All that hard work. All the hours spent going here or there, waiting for the light to fall just so. Adjusting camera settings as needed. Pressing the shutter and hoping to capture some magic moments... Later, at home loading images on the computer, watching in a mix of elation and despair as they spill onto the screen: a curious parade of successful shots and silly mistakes. Next, long hours spent at my desk, writing the words and posting the pictures just for you, dear friends and readers.
But lately, there are intruders; so many intruders. Like thieves in the night, they steal my words and images and send them to suspicious -and sometimes dangerous - destinations. They remove my name and watermark and claim the words and images as their own. They alter source links so that clicking on a photo directs people away from my work and into counterfeit, advertising or spam sites.
Having to deal with the fallout of such bad behaviour isn't pleasant. Between devious photo-snatchers, defiant bloggers and hapless (often incompetent) search-engine bureaucrats, I've felt under seige...all this, simply to protect my copyrighted work. Every day I discover a new outrage which must be addressed and remedied. When I should be creating, I've been forced to spend hours and hours tracking photo hijackers. Over and over again, I've had to assert my rights of ownership, while challenging usurpers who seek to capitalise on my initiative.
These exceedingly unpleasant experiences have made me feel like cocooning; wrapping up tightly and drawing in all my words and photos... Guarding them close, like a mother bird protecting just-hatched nestlings.
I've installed code on my websites, trying to block search engines from indexing my images (Bing, I'm looking at you!) and Pinterest users from "pinning" them. I've exchanged nearly 500 (!) emails with site owners, blog hosts and search-engine copyright staff, trying to safeguard my rights.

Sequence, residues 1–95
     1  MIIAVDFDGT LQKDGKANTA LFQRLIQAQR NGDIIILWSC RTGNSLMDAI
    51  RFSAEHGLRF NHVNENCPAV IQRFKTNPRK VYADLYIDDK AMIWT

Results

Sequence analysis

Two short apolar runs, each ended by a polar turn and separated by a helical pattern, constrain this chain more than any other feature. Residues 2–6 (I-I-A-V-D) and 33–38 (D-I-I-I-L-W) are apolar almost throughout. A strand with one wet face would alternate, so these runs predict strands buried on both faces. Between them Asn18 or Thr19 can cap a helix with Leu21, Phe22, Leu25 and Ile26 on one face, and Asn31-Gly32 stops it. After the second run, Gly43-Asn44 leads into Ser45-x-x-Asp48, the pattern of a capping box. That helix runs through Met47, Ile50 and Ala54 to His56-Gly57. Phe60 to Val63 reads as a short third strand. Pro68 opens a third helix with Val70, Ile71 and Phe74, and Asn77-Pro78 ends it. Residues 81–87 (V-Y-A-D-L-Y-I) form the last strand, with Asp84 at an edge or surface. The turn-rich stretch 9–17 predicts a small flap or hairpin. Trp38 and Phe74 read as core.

And my observations thus far? Companies and individuals alike simply don't care. They will do whatever they think they can get away with, until forced to stop (usually when threatened with legal action). Companies want to make money from our work; individuals prefer publicity; search engines seek traffic.
And the worst offenders in my own experience? Wedding-related commercial sites; conservative religious sites and dodgy spam sites in Germany, Spain, Argentina, Brazil and Romania (among others). These companies and individuals seemingly have no qualms about stealing photos or reproducing entire articles and claiming credit for my work.
Where does this leave the content creators and copyright holders? Between a rock and a hard place. Yes, the law is on our side. But making sure copyright law is upheld - and reclaiming our work from dubious locations - can prove difficult, time-consuming and expensive.
Until more companies act to stem the tide of copyright infringement - and more individuals begin to respect other people's original work (rather than assume content online is free for the taking) - it seems creative professionals face a long, uphill battle. This can feel discouraging, due to the sheer volume of copyright infringement abuse reported every day. But sooner or later, such behaviour has to change: the theft-by-stealth behaviour of rogue companies and individuals is unsustainable.
The search engines and site hosts have to step up and accept responsibility for content posted on their sites. And companies and individuals have to stop appropriating other people's work. Otherwise, this Wild West free-for-all mentality threatens to undermine the internet as a positive force for communication and education.
Photos of a Mallard and her ducklings in "our" canal. Sadly, it seems none of the ducklings survived.